A Westchester psychic named Janet Lee, arrested twice in 2018, is suing Florida private investigator Bob Nygaard.
The psychic is claiming that by locating her victims and having her arrested, he is destroying her business and ruined her chance at a reality television series that was going to be called ‘The True Greenwich Psychic.’
In December 2018, Lee filed a lawsuit at the White Plains Supreme court in New York against him. In it, she asked for a minimum of $44 million from Nygaard and ‘Nygaard Investigations,’ the name of his company.
She claims Nygaard defamed and slandered her and her business through “scorched earth” harassment. Her scorched earth harassment claims mean she believes he was finding and convincing her clients that she had scammed them.
After the television network heard of the allegations against her, they pulled the plug on a potential show with her. She’s demanding damages for that.
“He’s saying she’s not a psychic. I want him to prove it. Should my pastor be hauled off to jail for charging me a tithe so I can get to heaven?
It’s all what you believe. She provides a service that some people believe in,” said her lawyer Gary Jenkins.
Lee Has A History Of Arrests
The 44-year-old was arrested in December 2018 and accused of scamming a 64-year-old woman out of more than $12,300.
The criminal complaint states Lee worked with the client from June to July and convinced her that she had a “dark force” around her and her home. She told the woman that she could remove this force from her life if she paid her.
Before being arrested in Bedford, Lee had been arrested in Mount Pleasant a few months prior. In that case, a 52-year-old woman accused her of scamming $7,500 from her.
The complaint for this arrest stated that she stole this money from the client through “fortune telling and false pretenses.”
Authorities are charging Lee with third-degree grand larceny in both of these cases. This charge is a felony punishable by up to seven years in prison.
These latest arrests occurred while Lee was still on probation after having been found guilty of identity theft a year before in Manhattan. She had attempted to rent an apartment in SoHo that cost $6,050 a month under someone else’s name and a fake Florida driver’s license in June of 2017.
In June 2018, she was charged again for her part in a similar 2017 rent scam. This case was a little different, as she had managed to rent and live in the apartment on the Upper East Side from about April to December of 2017 under an assumed name.
Police arrested her after failing to make the $5,395 monthly rent for several months and owed $22,000.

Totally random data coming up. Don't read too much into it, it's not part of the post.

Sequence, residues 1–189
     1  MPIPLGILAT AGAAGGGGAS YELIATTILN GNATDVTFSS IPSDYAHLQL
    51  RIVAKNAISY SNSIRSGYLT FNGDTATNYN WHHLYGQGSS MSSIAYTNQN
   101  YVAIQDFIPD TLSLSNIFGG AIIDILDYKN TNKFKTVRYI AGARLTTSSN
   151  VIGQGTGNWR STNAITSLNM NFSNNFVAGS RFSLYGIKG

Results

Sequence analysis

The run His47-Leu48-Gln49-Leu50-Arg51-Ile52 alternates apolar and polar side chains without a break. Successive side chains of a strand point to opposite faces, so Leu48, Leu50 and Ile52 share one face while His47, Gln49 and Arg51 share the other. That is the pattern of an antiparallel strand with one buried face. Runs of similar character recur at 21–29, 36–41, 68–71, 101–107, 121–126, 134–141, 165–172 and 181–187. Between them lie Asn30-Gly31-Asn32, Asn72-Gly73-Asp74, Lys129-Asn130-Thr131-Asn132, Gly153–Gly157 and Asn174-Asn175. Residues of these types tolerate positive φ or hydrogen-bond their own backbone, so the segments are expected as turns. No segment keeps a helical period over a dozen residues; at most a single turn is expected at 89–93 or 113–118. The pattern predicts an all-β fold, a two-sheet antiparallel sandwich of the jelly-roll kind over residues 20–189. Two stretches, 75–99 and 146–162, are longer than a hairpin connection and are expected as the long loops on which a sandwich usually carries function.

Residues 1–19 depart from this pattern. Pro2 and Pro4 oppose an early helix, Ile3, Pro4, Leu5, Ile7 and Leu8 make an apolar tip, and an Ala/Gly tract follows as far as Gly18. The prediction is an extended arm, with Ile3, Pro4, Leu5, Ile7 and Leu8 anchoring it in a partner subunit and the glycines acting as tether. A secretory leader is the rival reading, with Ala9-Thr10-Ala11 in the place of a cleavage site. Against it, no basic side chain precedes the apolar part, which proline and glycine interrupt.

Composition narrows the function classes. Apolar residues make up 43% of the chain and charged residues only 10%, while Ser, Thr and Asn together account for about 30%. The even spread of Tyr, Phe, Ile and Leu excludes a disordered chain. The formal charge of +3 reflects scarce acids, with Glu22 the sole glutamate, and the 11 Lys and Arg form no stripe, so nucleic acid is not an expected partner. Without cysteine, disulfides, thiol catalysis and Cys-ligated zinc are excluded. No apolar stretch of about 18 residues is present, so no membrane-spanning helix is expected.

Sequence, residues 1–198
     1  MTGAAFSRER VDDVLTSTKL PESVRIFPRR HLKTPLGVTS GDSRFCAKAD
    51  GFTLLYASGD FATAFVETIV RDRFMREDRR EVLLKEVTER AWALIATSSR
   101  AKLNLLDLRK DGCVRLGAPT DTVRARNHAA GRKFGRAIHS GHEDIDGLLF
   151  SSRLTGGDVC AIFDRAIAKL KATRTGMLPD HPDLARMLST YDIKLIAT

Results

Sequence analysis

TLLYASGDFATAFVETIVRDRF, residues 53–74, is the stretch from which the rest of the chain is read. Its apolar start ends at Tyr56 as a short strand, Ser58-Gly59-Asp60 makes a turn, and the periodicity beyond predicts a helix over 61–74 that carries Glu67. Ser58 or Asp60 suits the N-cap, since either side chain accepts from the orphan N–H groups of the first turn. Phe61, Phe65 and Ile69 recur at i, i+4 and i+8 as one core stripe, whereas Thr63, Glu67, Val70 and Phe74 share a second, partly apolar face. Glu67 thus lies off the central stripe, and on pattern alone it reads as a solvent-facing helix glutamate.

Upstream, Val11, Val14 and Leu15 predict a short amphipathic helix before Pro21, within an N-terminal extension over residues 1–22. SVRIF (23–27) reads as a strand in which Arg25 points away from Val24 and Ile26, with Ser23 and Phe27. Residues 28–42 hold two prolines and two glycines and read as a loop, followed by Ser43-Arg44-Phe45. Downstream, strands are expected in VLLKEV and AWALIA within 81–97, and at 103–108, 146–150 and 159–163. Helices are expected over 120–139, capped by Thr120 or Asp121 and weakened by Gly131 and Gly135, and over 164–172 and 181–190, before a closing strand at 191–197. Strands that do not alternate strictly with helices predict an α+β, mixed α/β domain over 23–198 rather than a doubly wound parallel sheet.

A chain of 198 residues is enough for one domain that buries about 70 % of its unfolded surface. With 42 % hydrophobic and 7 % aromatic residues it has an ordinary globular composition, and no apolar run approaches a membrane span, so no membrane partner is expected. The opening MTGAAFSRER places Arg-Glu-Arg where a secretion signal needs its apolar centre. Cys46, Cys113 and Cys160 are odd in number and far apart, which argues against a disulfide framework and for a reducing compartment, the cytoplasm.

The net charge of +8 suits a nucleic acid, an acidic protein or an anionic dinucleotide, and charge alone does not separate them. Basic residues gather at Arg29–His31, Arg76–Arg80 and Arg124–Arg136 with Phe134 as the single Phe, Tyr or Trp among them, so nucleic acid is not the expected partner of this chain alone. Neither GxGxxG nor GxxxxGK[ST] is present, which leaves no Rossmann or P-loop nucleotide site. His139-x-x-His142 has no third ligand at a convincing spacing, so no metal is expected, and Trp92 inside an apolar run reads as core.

Lee’s also facing a civil judgment in Westchester County Court for owing a man over $290,000. In court documents, Lee admitted that she and Serenity House LLC, a company she controls, took out a loan for this money in 2014 and hadn’t paid it back.
The Lawsuit Against Bob Nygaard
Although private investigator Nygaard didn’t immediately return messages regarding the lawsuit, he’s been clear and outspoken about his dislike for Lee and prosecutors who don’t push for jail time when it comes to scamming psychics like her.
He took to Twitter to announce his part in the latest arrest of the “flagitious self-proclaimed psychic Janet Lee.” He also expressed his contempt for the prosecutors of Westchester for not pursuing charges related to five other people he claims are victims of Lee’s.
He gets involved in cases against psychics because law enforcement doesn’t usually take these scams seriously. In 2013 he helped bring down a fraudulent psychic who scammed over 1 million dollars from an unsuspecting victim for two years.
In the lawsuit against him, Lee states that she had already agreed to pay the alleged victim back before Nygaard interfered in the matter and had her arrested for it.
Her lawyer requested a temporary restraining order against Nygaard. State Supreme Court Judge Charles Wood approved the order but didn’t give Jenkins everything he asked for in the order.
Jenkins had asked the judge to forbid Nygaard from interfering with her business and current or past clients. The judge declined to block the detective from communicating with the clients.
The lawyer also asked the judge to ban the detective from defaming, slandering, and disparaging Lee on social media. However, Wood only refused Nygaard from defaming and slandering the psychic. He crossed out the “disparage” and social media parts of the request.
The judge also declined Jenkins’s request to prohibit Nygaard from encouraging authorities to continue pursuing charges against Lee’s psychic business.